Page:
Though the Philadelphia police released yesterday Lydia Vincocis and Samuel Miller, whom they arrested for distributing the “Anarchist Soviet Bulletin” after each had paid a ten-dollar fine for handing out the literature, detectives of Sergeant Gogans’ bomb squad in New York developed evidence connecting the woman with a number of anarchist groups here and elsewhere, and believed that there still may exist an important connection between the apparently forged “Sachs & Co” labels found in Miller’s room and the forged Gimbel labels of the May Day plot. They are continuing their investigation.
In testifying before the House Appropriations committee in behalf of the $500,000 special fund which he is seeking for the hunt, Attorney General Palmer told the members that the department had been informed of a day set for another attempt by radicals “to destroy the Government by one fell swoop.”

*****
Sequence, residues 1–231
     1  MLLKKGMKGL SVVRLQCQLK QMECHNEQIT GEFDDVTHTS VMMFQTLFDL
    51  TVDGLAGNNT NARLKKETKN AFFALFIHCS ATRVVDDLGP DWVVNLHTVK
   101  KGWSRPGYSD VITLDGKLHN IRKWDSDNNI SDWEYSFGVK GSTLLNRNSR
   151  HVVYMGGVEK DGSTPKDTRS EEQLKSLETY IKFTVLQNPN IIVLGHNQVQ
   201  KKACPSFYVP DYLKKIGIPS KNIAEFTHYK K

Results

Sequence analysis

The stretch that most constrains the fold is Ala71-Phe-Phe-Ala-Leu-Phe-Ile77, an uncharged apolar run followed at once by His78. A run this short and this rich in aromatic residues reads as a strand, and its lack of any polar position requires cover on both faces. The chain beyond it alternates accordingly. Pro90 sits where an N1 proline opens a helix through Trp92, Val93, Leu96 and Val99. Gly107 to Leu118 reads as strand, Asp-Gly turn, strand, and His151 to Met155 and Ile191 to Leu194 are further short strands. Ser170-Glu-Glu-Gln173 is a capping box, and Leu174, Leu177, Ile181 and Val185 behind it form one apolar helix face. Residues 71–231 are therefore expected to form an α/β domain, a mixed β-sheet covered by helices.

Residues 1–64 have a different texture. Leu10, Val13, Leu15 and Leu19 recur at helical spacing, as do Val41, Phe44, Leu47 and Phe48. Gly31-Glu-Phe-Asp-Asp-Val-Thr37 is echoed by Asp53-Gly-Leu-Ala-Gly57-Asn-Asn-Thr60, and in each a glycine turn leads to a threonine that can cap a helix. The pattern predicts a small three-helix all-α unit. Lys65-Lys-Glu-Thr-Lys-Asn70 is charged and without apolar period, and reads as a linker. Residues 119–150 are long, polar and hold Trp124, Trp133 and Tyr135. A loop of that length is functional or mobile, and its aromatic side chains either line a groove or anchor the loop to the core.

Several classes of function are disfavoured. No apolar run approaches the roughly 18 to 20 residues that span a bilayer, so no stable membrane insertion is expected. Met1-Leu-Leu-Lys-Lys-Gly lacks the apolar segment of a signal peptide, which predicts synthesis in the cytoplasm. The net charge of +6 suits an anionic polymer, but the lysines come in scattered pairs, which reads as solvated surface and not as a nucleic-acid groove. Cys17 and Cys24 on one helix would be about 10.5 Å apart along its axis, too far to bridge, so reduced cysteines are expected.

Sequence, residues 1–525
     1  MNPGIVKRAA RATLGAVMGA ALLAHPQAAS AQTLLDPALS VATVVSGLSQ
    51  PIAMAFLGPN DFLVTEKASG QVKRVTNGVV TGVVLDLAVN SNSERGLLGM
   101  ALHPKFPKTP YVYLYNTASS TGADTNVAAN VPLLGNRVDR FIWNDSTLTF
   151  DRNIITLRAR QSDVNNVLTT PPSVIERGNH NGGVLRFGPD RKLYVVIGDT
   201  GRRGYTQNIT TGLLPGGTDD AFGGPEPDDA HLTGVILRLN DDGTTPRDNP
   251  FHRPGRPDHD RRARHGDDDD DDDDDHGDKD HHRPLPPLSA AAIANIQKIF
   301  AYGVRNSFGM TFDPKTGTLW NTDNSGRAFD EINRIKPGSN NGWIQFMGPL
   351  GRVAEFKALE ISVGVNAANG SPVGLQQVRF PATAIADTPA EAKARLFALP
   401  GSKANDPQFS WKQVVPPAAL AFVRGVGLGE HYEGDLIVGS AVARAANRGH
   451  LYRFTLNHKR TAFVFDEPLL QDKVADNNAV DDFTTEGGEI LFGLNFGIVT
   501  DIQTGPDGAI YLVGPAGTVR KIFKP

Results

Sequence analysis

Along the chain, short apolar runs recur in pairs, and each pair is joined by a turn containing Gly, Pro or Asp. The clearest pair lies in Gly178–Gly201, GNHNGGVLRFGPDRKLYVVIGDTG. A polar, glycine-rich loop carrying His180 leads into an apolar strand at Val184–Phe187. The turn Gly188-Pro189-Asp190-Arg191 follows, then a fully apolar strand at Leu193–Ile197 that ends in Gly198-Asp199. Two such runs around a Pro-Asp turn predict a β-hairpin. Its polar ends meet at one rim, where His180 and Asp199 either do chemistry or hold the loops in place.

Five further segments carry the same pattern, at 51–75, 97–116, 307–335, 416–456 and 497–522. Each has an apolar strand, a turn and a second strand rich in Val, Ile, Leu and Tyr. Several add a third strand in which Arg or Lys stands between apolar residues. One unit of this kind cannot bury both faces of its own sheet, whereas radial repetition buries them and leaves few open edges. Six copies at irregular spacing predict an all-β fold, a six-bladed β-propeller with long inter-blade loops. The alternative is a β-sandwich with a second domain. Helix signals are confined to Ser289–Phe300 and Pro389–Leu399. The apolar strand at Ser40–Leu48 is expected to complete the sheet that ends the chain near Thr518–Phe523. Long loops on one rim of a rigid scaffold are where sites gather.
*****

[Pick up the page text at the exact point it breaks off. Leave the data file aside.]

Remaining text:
Guardsmen to Mobilize.
It is officially stated that the eleven regiments of the State Guard in New York city will be mobilized tomorrow night. Brig. Gen. Dyer says this will be merely in the routine drill of the guardsmen, but the mobilization nevertheless will furnish a demonstration of the speed with which approximately 8,000 men can be well armed and equipped and rushed from their armories to danger points, providing any July 4 riots are planned by the Reds.
It is further learned from a source close to those connected with the hunt for dangerous radicals that a raid of hitherto unattempted proportions will soon be made on their headquarters.